The collapse of the Irish economy has triggered a substantial increase in the number of companies in Ireland which are being deemed insolvent and which are no longer in a position to continue operating as viable entities. This has caused the companies directors, creditors and shareholders to seek remedies available under Irish law. The law in Ireland regarding companies in financial difficulties was originally set out by the Companies Act 1963, which was amended in 1990, and then again in 1999. All cooperate entities must adhere to the legislation set out under the Act and their individual memorandum of association and articles of association, which together constitute the constitution of a company.
The principal remedies for dealing with insolvent companies are:
1. The concept of examinership was introduced into Irish law by the Companies (Amendment) Act 1990. This legislation was enacted in order to provide companies which were in financial difficulties with the chance of recovering and thereby avoiding liquidation. An examinership is where the court places a company under its protection to enable a court appointed examiner to assess the affairs of a company and consider whether it is capable of survival, and if so, puts forward proposals that will facilitate that continuation of business. The motivation behind the creation of this legislation was the prevention of the collapse of the Goodman Group. The aim of this legislation was to avoid liquidation of companies with a chance of recovering from financial difficulties. Forde and Kennedy opine that the immediate objective and consequence of the protection created by this legislation is to provide the company or companies in question with extensive immunity against its creditors and against claims being made against it. McCormack in his article “Control and Corporate Rescue” believes that this role was created as a response to changing political and business dynamics in the l990s. The receivership model was seen as being too creditor centred and as not being sufficiently responsive to the concerns of other stakeholders. The feeling at the time, McCormack opined, was that “banks had pushed companies unnecessarily into insolvency by being unduly precipitate in the appointment of receivers.”
The original legislation has been criticised in numerous respects, and so has been amended significantly by the CA 1999. Finlay CJ in the Supreme Court in Re Holidair Ltd, acknowledged the shortcomings of the legislation and held that it is appropriate to approach the construction of any sections in CA 1990 on the basis that the two objectives of the legislature were to provide a period of protection for a company and that a company should be continued as a going concern. The legislation was being used as a last attempt to save companies which were incapable of salvation. As John O’Donnell put it in his article ‘Nursing the Corporate Patient - Examinership and Certification under the Companies Act, 1990’, “for many, it has been a painful experience to learn that the Act is designed to help cure the sick but cannot raise the dead.”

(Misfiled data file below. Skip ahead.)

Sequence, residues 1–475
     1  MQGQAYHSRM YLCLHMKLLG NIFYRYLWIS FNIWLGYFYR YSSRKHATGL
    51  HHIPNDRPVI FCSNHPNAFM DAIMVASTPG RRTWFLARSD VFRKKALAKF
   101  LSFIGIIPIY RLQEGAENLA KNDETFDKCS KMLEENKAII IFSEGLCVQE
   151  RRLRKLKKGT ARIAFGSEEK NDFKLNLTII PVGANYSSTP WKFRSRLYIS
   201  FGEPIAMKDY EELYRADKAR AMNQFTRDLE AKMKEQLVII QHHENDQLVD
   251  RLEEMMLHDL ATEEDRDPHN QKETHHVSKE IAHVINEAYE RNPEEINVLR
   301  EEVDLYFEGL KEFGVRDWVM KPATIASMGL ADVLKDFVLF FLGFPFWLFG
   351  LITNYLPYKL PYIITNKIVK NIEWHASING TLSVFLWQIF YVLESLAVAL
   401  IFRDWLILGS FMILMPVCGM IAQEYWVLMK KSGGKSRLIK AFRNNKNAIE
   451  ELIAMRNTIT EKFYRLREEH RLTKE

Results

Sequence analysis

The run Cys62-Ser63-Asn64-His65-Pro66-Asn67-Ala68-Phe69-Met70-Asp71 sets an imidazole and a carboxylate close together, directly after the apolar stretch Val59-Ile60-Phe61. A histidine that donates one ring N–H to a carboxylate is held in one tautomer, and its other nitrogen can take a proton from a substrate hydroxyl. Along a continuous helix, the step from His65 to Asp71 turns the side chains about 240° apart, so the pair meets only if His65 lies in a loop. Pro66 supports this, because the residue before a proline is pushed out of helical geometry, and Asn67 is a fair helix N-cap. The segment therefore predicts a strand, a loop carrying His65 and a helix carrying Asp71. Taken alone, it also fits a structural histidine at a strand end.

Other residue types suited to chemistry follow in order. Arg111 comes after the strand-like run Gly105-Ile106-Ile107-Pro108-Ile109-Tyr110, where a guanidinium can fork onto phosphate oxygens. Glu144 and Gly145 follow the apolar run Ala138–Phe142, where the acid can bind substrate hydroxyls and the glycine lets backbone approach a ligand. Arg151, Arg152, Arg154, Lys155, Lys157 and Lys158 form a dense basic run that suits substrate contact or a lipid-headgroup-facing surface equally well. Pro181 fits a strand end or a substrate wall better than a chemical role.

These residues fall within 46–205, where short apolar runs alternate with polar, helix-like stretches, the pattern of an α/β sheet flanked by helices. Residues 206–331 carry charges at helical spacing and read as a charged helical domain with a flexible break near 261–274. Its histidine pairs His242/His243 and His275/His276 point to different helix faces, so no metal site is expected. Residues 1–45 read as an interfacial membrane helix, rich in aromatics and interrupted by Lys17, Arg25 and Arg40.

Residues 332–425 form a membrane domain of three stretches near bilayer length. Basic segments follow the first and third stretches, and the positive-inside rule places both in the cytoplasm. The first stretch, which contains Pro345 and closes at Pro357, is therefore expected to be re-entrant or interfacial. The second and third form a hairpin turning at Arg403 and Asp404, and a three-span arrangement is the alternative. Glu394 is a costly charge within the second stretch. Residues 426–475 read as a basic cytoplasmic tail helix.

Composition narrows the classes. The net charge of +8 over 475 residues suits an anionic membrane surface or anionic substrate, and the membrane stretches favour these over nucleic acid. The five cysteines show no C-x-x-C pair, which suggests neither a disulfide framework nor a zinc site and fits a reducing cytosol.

Keane notes that the granting of the examiner is discretionary. A court may appoint an examiner where it appears that:
(a) A company is or is likely to be unable to pay its debts; (b) No resolution subsists for the winding-up of the company; (c) No order has been made for the winding-up of the company.
Because of the effects of an examiner on a company, one should not be appointed without a real prospect of survival. Lardner J in Re Atlantic Magnetics Ltd advocated a strict test for “reasonable prospect of survival”. He was overruled by the Supreme Court, in favour of a requirement of “some prospect of survival”. Prior to the revision of CA 1990, the leading authority on the test for the appointment of an examiner was that SC decision in Re Atlantic Magnetics Ltd. The statutory revision...
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